There were many people involved in the death of Duncan, the King of Scotland. However, Macbeth bears the major responsibility for the murder. Macbeth committed the task by his own hand. He understood the significance of the prediction in relation to his own ambitions. Finally, Macbeth was aware of his actions and he accepted them.
Macbeth murdered Duncan. He was the one who stabbed the King and he admits that freely in the play. 'I have done the deed' relates Macbeth to his Lady after he completed the objective. (II, ii, l.19) Before the murder he says
'I go and it is done; the bell invites me.
Hear it not, Duncan, for it is a knell
That summons thee to heaven, or to hell.' (II, I, l.69-71)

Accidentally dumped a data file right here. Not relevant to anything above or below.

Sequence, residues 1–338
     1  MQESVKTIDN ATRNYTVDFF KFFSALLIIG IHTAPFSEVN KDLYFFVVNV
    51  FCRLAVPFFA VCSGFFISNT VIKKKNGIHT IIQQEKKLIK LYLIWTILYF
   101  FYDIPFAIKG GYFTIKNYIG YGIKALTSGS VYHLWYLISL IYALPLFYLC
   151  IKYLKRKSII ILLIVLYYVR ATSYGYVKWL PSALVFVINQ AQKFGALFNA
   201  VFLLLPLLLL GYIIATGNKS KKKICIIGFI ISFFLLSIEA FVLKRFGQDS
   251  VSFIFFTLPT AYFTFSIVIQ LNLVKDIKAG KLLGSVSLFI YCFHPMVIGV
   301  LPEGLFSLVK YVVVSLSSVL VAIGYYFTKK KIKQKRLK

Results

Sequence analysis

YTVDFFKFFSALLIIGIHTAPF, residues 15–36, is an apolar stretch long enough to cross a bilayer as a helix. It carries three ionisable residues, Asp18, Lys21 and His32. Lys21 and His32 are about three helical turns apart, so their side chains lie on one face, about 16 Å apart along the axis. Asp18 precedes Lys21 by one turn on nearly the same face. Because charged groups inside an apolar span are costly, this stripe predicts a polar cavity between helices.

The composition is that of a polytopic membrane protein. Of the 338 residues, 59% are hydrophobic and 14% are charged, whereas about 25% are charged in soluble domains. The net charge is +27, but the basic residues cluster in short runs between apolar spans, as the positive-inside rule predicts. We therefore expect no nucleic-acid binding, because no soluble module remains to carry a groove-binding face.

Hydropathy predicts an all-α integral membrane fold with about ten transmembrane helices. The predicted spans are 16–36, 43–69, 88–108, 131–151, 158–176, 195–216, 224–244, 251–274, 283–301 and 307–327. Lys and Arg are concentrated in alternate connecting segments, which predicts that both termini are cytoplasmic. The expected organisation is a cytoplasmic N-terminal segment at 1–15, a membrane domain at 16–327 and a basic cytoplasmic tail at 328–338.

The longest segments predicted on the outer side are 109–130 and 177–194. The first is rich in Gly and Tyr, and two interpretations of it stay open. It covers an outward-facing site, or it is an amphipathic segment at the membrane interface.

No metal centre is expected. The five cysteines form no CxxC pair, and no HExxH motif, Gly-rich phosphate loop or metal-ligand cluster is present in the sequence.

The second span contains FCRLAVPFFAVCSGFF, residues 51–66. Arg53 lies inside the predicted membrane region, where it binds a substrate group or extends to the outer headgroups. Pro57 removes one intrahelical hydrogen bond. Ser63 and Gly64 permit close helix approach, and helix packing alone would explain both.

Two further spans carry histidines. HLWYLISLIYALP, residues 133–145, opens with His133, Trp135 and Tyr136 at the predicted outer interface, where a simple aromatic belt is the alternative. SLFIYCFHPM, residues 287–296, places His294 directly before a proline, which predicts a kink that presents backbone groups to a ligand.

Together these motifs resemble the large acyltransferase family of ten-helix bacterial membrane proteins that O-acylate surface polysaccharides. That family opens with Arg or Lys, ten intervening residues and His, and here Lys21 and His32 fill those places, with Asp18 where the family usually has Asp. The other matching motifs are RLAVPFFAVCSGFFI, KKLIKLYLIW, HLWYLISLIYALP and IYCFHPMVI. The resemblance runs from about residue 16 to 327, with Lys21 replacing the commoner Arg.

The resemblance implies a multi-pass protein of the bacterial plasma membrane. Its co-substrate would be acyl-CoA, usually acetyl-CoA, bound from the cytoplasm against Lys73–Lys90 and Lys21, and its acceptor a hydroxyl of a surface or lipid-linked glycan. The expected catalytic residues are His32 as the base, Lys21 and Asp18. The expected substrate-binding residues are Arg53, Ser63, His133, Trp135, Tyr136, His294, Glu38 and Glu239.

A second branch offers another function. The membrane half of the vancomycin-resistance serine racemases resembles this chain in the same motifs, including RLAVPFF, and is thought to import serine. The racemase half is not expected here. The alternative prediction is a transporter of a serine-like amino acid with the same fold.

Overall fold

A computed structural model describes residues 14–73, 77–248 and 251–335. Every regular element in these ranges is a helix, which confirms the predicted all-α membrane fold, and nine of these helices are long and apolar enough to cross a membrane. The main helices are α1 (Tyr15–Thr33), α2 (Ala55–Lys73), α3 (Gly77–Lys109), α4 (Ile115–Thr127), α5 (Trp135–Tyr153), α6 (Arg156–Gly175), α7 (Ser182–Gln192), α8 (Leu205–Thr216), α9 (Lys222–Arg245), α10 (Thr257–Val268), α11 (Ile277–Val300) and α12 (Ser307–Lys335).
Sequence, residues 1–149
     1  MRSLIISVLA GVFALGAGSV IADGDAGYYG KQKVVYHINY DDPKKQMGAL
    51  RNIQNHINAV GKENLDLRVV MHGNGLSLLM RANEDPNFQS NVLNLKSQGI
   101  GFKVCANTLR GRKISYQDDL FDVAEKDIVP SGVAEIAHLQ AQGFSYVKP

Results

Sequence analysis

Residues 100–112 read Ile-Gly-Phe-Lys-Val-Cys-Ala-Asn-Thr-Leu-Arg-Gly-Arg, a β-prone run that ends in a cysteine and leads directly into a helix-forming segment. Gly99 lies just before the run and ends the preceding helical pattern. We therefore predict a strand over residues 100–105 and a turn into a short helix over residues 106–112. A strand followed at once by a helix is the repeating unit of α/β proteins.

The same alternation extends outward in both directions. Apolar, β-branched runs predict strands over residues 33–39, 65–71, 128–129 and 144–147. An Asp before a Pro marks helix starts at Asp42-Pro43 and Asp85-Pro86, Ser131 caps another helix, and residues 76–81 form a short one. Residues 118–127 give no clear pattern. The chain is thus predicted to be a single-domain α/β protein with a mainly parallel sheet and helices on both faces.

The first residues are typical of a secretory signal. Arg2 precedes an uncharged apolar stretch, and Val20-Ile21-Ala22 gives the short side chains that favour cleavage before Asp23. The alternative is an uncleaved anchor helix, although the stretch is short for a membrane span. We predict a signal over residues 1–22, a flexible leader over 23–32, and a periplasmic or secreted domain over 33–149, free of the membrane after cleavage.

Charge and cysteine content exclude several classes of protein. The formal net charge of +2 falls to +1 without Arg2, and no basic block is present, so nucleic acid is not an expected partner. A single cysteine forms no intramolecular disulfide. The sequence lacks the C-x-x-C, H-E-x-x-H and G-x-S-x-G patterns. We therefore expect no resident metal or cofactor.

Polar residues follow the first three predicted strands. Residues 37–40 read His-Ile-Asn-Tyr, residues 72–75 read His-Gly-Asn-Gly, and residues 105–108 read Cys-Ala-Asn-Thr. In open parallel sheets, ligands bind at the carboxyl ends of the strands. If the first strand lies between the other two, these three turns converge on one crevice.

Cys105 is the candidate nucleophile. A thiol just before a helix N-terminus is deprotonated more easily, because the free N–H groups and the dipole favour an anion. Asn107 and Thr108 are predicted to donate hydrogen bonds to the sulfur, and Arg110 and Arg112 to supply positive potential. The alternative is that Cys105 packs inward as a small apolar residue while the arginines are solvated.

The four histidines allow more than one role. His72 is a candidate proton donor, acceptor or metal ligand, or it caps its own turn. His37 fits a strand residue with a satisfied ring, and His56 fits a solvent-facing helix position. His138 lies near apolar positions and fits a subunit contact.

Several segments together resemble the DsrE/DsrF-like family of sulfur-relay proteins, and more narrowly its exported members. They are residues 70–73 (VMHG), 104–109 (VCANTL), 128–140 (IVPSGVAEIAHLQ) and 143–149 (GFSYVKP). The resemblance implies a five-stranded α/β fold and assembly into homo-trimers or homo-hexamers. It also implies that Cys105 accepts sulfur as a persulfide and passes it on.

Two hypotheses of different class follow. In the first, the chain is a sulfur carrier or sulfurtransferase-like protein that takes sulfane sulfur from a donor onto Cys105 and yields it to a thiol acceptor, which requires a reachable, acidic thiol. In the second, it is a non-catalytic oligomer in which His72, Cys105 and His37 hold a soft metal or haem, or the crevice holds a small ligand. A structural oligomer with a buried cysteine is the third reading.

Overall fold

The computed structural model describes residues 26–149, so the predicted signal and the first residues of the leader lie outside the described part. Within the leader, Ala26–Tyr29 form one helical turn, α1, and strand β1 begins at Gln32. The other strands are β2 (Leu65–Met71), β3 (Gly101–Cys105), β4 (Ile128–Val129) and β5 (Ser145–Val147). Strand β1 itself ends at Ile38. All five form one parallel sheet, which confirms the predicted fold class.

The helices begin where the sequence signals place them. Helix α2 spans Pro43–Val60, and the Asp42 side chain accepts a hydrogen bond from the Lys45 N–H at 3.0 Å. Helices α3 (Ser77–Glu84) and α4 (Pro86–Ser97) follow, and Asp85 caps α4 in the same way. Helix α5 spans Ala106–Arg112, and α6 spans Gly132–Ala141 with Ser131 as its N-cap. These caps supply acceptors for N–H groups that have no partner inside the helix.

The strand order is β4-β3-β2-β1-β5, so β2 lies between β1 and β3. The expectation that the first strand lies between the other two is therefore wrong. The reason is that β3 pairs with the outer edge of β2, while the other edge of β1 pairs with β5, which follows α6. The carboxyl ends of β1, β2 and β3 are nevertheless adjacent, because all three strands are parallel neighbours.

In such he plainly states his intent to murder Duncan and again later on, he mentions in a soliloquy that 'To know my deed, 'twere best not know myself.'
(II, ii, l.92) Preceding the actual death of Duncan, Macbeth's ambitions became apparent as the significance of the prediction and actual events emerged.
Being an ambitious man, Macbeth said
'... I have no spur
To prick the sides of my intent, but only
Vaulting ambition which o'erleaps itself
And falls on the other.' (I,vii,l.25-28)
In this speech Macbeth broadcasts his immense ambitions which are the only reason he is pursuing the witches prediction. Macbeth, upon hearing the witches speak was startled at their prophecy. Banquo said to him 'Good sir, why do you start, and seem to fear / Things that do sound so fair?'(I,iii,l.54-55) Macbeth was startled because of the implications of the forecast. Macbeth had thought before about the very thing that he was now being told was his. He was infatuated with the idea and he lusted after information pertaining...